Like a nervous parent, he recounts ducking behind the wall of his vegetable garden to avoid detection from Harry, his nickname for a then-unnamed Tiger Roll. Who would jump around "the air like pet lambs", upon seeing his master, risking a possible injury in the process.
We learn about the strong female influence on Tiger Roll. His grandmother On Air was also reared by Jerry O’Brien and was, like Swiss Roll and Tiger Roll - "Full of it like, stamina, they’re tough and keep going, the will to win". Jerry even named Swiss Roll, after his own mother "all our mothers were great cook’s and they used to make these Swiss rolls, so I just thought it might be a nice name for her ''.
The first instalment includes exclusive interviews with Joe Hernan, the manager of Castlehyde stud where Tiger Roll was born, as well as John O'Kelly, the auctioneer who sold him in 2010, and Tommy Stack, the Grand National winner who trained his mother Swiss Roll. In upcoming episodes, the team promises soundbites from guests who have never spoken publicly about "the people’s horse".
Music plays an imperative role in this tale - a backing track of string swells and piano chords is juxtaposed against the diegetic sound of animal grunts, live race recordings, and horseshoes clapping; as sources conjure up memories of Tiger Roll. This mix sounds jarring on paper but in reality, it effortlessly creates a sense of liveness and immediacy. The narrative, the setting, and sound arrangement manifest a near cinematic aura for this production. It will remind you less of Punchestown and more of Black Beauty or War Horse.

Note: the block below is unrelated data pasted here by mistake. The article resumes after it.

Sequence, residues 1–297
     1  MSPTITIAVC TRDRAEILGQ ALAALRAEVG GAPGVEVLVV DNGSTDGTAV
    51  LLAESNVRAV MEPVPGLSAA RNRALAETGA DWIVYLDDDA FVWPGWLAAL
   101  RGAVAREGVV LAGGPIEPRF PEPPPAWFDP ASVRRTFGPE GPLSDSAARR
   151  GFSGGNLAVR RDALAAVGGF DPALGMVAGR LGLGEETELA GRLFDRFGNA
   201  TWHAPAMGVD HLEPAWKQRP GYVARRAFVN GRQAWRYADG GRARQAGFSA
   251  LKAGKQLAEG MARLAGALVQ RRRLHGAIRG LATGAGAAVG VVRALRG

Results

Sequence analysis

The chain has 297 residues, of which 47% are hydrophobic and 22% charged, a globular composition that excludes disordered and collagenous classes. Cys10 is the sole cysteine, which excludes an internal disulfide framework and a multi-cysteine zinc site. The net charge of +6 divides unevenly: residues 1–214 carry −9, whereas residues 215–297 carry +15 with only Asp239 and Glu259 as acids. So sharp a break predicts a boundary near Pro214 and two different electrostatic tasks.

However, brief moments of a tragedy like the death of Mick Buckley, a friend of Jerry O’Brien’s who helped organise the breeding of Tiger Roll, snaps the listener back to reality. This is a documentary, not a Disney film.
The one reservation I had before undertaking this series was the possibility of nonsensical racing terms and dense historical background. However, you are left with enough tidbits to revitalise stale dinner party conversations, but not enough to require a dictionary of equine terms. My personal favourite: all racehorses today can trace their lineage back to just three stallions in the 1790s. When more technical language is required the narrator concisely explains terms like "broodmares" (gives birth to a foal every year) using accessible turns of phrase.
Suspense is brought to the table by the very nature of this sport. It only takes one bad fall or misstep to take down even the most proficient racer, and suddenly the stakes move from a win or lose to life or death. This uncertainty adds a layer of suspense to an otherwise relatively soothing listen.
Tiger Roll: The People’s Horse is comfort food. It serves to remind us about the brilliance of Irish sport as we try to return to "normal" life after two truly harrowing years.
And if that doesn’t tempt you in the words of Winston Churchill "No hour of life is wasted that is spent in the saddle." I'm sure an audio saddle counts…
New episodes of Tiger Roll: The People's Horse are available weekly - download and subscribe here.